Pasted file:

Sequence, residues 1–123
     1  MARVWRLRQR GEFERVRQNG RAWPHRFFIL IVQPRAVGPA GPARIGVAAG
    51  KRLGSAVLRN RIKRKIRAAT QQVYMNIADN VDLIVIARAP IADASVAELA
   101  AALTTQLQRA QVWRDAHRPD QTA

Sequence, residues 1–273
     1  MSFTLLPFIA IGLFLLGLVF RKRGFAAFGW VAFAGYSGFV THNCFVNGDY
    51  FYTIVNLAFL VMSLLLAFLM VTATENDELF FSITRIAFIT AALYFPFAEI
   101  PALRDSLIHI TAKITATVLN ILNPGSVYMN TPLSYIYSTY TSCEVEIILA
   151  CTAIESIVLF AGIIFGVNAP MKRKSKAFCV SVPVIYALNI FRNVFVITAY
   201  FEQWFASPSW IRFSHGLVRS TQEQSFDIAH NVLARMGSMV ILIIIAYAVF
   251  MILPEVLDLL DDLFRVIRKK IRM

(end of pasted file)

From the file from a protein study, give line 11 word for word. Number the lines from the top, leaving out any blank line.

   251  MILPEVLDLL DDLFRVIRKK IRM